How much did it cost you for your last fill-up at the gas station or trip to the grocery store It is probably safe to say that it was too much.
Experts worry the economy will get worse before it gets better. There’s no doubt the country went into a COVID-19 recession in 2020, but there is some doubt and uncertainty on if one is coming or if we are already in it.
Gas prices consistently breaking records and for Juan Estrada of Naples, it is a bank breaker. “About $175 and that’s just because it hits the limit. If not, it’ll keep going.”
Inflation month after month is the worst the country has seen in decades.
“I’m trying to conserve a lot,” said John Bosse of Fort Myers.
FGCU Finance Professor Thomas Smythe says inflation is the biggest issue Americans face.
“I saw a report over the weekend that the average person, the average person has seen their monthly bills go up by $450 a month. That’s the average. Is very significant,” said Smythe.
It is also a sign that the country is hurtling toward a recession.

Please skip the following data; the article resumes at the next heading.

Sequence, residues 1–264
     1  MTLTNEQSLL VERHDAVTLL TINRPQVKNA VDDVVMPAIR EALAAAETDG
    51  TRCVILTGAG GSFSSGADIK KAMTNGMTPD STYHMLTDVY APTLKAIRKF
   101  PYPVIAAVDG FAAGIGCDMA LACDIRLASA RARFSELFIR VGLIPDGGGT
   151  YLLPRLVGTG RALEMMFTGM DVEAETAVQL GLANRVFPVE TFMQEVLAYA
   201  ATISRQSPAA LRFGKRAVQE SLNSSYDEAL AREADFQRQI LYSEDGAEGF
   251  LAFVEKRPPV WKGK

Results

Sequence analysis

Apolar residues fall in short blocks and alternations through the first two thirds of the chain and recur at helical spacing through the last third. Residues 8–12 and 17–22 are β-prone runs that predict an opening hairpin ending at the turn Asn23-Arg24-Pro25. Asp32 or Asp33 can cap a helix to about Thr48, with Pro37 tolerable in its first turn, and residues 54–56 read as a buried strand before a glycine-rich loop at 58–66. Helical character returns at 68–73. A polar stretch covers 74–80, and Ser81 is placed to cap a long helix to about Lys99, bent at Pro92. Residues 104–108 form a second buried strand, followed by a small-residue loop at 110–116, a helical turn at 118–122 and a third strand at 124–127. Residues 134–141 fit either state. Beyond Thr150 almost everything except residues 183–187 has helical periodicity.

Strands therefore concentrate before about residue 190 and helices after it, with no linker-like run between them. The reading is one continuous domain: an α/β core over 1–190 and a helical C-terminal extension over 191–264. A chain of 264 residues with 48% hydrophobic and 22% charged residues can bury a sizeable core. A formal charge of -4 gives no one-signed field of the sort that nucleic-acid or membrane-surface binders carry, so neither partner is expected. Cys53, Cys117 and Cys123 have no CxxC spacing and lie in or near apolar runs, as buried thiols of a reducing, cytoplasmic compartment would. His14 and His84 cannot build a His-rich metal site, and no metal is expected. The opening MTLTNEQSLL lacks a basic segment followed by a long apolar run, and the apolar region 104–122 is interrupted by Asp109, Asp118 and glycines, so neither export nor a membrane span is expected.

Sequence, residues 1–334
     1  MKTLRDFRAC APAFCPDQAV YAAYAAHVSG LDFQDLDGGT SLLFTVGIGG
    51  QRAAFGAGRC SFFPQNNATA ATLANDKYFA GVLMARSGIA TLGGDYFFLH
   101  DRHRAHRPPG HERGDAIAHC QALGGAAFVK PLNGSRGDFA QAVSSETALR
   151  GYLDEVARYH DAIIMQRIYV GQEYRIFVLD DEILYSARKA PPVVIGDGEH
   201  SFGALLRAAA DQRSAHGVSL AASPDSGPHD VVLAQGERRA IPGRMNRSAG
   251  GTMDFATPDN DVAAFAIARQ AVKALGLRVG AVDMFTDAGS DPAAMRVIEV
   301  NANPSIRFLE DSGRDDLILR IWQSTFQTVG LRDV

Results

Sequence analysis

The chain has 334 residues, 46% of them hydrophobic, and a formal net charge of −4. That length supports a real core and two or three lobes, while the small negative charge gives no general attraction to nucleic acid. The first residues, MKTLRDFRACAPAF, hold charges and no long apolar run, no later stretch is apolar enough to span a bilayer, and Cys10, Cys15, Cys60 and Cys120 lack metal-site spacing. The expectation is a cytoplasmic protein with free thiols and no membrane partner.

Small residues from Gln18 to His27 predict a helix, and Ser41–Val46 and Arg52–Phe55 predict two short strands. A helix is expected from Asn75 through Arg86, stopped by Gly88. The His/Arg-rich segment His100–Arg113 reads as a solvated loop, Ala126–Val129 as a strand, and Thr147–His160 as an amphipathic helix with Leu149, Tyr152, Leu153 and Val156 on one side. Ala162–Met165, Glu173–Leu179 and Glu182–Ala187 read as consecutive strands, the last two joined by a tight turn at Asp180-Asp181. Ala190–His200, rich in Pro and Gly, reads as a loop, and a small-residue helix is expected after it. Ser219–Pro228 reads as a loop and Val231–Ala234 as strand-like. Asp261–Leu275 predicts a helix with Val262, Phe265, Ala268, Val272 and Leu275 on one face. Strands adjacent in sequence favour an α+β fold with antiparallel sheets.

“Generally, to get out of the inflationary environment we’re in, we’re likely going to have to experience a recession just based on history. I tend to fall on the side that we’re already in one,” said Smythe.
A recession, by definition, is two consecutive quarters, six months, of economic decline.
Smythe believes this one is brought by the after-effects of the pandemic and sustained because of the war in Ukraine, worldwide supply chain issues, and the Federal Reserve’s delayed response to keep inflation in check.
“I think what federal reserve does over the next couple of months, will either speed up or slow down the occurrence. But the reality is, I’m of the belief that’s what they need to do. Inflation is been far too high for far too long,” said Smythe.
Smythe is optimistic, though that tomorrow, whenever that actually is, will be better.
“We will get through it. We got through the depression, got through World War II, we got through Vietnam, you know, we’ll get through it and things will be better on the back end, but we’ve got to be patient,” Smythe said.
Smythe said economic data won’t officially tell us the state of the country now, or if we are in a recession until the end of the year, and by that time things may be looking up.